(Directed by T. Prakash Rao, music by C. Ramchandra, starring Dev Anand, Vyjayanthimala, Padmini, Pran, Johnny Walker, Ragini…)
I expected to love this movie, and I did. Although it might not be to everyone’s tastes. It does have some of the most absurd plot twists I’ve seen in any movie from this era (I guess it was ahead of its time). It is also nearly insanely melodramatic. But anyone who’s a fan of old Indian movies isn’t going to be too bothered by that. It is very moving in places, and it has a few of the best dance numbers that I’ve seen in any Hindi movie –which I completely expected, considering the cast, not to mention that I had already watched a few of these scenes on YouTube.
The central character in the movie is a somewhat troubled but somewhat lucky guy named Ashok, played by Dev Anand. Ashok is yet another character in an Indian movie that I’ve watched recently who has a college degree but can’t get a job for the longest time. When he finally does get a job, he becomes a champion for the rights of workers against the rich villain who runs the factory where he’s employed. How could I not like a guy like that? Except for being jealous of him sometimes, like a couple of other characters in this film. Because…
The biggest source of both drama and entertainment in this movie is Ashok’s two love affairs. The first woman who falls in love with him, who goes by the name of Aruna, is a very beautiful rich woman who also happens to be a great dancer. She’s played by Vyjayanthimala. The next woman who falls in love with him, whose name is Roopa, is even more beautiful and an even greater dancer, and she’s also a gypsy street performer. Of course, she’s played by Padmini.
(Mere Dil Ka Bavra Punchi)
The most unusual thing that happens to Ashok is that he gets injured in ways that cause him to lose his memory. I hope that this is not a spoiler, but I have to add – because this is quite remarkable – that it doesn’t just happen once, but twice. In different ways. So that he ends up forgetting his different love affairs at different times. And that is a major problem that haunts him – not only that he can’t remember his name at one point, but that at different times he can’t remember the great times that he had with each of these wonderful women. And that does seem frustrating – though it becomes even more frustrating for the women.
But they also seem to enjoy his vulnerability. Although he’s a dashing rebel type who really knows how to throw a punch when necessary, Ashok’s injuries also cause him to spend most of the movie walking around in an anguished daze, which means he does really need a woman to take care of him…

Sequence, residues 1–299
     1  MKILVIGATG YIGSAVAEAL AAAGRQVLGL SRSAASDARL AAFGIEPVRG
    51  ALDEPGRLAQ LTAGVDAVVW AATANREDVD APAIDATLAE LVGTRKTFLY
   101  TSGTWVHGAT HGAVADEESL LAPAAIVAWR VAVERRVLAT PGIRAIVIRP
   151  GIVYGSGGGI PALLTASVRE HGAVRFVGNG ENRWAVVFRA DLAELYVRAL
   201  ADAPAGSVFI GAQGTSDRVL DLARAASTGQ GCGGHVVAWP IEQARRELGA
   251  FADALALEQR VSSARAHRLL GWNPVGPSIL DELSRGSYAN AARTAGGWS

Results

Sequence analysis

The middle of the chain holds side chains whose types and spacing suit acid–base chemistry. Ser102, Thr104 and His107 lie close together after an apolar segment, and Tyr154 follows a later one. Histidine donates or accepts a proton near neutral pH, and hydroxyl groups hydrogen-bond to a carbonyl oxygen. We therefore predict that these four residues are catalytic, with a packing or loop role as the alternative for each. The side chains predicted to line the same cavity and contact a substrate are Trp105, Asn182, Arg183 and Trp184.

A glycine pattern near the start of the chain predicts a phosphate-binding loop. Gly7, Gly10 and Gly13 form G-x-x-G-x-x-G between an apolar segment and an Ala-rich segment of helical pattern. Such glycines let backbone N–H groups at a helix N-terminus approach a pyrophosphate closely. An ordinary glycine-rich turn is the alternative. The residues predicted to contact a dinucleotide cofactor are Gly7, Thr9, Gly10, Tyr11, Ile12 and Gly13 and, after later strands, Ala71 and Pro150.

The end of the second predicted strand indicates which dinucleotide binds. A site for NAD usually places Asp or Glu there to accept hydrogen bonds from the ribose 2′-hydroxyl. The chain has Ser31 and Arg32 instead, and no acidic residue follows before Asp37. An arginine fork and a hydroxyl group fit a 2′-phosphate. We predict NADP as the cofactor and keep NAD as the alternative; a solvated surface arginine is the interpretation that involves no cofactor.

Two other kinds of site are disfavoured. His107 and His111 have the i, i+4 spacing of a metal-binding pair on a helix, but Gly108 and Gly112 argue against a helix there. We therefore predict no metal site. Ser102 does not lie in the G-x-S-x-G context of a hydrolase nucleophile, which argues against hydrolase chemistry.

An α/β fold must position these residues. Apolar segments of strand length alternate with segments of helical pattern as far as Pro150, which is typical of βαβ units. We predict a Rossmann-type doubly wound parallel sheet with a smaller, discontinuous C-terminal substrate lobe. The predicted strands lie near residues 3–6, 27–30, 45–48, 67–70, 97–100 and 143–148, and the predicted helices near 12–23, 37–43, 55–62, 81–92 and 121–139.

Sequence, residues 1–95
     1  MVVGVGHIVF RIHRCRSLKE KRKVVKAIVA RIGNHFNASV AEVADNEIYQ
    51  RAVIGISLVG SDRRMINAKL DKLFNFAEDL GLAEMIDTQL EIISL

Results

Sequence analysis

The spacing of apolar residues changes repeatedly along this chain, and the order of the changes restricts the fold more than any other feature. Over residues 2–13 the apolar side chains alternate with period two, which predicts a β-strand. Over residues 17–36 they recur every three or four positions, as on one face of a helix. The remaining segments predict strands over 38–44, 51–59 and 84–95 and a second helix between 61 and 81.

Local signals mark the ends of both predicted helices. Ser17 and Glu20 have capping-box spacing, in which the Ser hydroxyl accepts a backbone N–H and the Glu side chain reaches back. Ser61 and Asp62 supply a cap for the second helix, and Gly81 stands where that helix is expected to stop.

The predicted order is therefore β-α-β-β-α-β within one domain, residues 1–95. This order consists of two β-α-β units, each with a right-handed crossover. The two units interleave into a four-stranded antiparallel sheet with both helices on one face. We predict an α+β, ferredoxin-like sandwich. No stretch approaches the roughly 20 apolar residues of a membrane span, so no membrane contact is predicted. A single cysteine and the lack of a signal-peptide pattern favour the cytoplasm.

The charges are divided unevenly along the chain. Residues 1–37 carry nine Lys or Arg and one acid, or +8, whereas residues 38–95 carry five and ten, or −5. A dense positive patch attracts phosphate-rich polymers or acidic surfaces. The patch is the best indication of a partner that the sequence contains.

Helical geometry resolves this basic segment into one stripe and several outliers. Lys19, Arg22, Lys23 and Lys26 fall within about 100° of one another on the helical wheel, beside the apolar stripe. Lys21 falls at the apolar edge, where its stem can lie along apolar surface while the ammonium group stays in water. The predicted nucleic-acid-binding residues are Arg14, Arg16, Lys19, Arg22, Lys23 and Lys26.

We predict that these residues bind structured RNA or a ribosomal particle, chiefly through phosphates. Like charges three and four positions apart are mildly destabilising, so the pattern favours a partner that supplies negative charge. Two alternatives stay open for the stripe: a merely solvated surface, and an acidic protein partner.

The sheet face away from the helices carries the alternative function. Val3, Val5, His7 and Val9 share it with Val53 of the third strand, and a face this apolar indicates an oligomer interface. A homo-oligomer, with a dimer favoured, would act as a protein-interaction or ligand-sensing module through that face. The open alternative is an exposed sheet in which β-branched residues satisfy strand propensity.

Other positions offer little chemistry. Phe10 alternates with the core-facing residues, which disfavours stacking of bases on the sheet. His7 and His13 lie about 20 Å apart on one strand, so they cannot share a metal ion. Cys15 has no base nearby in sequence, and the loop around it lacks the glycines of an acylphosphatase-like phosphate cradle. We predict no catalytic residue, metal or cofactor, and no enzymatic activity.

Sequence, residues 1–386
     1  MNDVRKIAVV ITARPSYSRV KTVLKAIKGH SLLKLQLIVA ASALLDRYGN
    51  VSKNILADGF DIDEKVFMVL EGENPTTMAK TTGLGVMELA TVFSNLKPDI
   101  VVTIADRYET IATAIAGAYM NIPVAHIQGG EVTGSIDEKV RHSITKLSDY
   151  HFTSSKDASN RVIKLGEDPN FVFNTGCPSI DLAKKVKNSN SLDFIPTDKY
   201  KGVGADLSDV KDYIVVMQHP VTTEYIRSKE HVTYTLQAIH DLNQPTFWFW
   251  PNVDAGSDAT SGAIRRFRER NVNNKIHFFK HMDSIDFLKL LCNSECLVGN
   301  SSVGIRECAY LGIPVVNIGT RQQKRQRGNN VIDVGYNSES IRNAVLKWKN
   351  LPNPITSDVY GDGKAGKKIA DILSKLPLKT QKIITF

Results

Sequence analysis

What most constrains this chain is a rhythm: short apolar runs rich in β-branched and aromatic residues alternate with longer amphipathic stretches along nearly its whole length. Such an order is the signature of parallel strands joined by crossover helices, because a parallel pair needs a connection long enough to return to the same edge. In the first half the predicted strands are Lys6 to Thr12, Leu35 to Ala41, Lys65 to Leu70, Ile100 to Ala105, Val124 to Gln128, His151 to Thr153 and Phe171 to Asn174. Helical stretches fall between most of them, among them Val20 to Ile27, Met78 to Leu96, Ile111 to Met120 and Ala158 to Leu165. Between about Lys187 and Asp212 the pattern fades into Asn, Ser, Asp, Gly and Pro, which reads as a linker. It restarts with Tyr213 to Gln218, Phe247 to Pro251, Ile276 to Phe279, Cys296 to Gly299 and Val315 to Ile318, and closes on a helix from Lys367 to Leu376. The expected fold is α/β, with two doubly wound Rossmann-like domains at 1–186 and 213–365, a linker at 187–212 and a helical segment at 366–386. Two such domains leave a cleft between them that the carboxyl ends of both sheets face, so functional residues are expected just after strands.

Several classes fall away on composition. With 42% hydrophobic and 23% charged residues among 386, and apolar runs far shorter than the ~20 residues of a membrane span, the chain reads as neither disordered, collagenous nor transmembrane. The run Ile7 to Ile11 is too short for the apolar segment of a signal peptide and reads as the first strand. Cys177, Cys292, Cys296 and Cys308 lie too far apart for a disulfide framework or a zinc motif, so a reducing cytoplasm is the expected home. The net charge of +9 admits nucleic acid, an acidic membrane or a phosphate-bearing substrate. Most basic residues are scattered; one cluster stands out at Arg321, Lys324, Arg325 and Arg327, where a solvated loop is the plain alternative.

(Dekh Humen Aawaz Na Dena) (sad version)
Another major source of drama in this movie is the ill-tempered rich factory owner who is supposed to get married to Aruna because of a promise made to his father by Aruna’s father, but whom Aruna can’t stand. He’s also mean to workers and refuses to give them raises. His name is Pran, and he is played quite well by Pran.
All the lovers in this movie at one point or another leave behind someone who’s frustrated or jealous. So there’s the Johnny Walker character, a sort of gypsy clown, who’s also in love with Roopa. At times he’s a lot of fun to watch but at times he gets into this extremely splapstic humor that I found difficult to take. Those were the only times during the movie when I thought that maybe there was something in here to which I wasn’t culturally attuned.
But I was very attuned to everything else in the movie, especially because of my affinity for old Bollywood movies, so there are many other parts that I enjoyed thoroughly.
I have to admit that I was surprised by the big plot twist at the end, although I should have seen it coming, because it was telescoped early on. It is quite dramatic and also quite unbelievable but also fun.
Unfortunately, the very end was a bit upsetting to me because of what happens to whom, though it was a kind of sacrifice that I’d seen before in these movies, especially movies involving these two actresses. But I’ll stop there – once again, trying not to give too much away…
I’ve seen a few Indian movies recently from the incredible period between 1955 and 1960, all of which I greatly enjoyed. Some I would say are great movies by almost any standard. I wouldn’t say that about Amar Deep, exactly, but I found it to be satisfying, moving, and often beautiful to look at as well as listen to.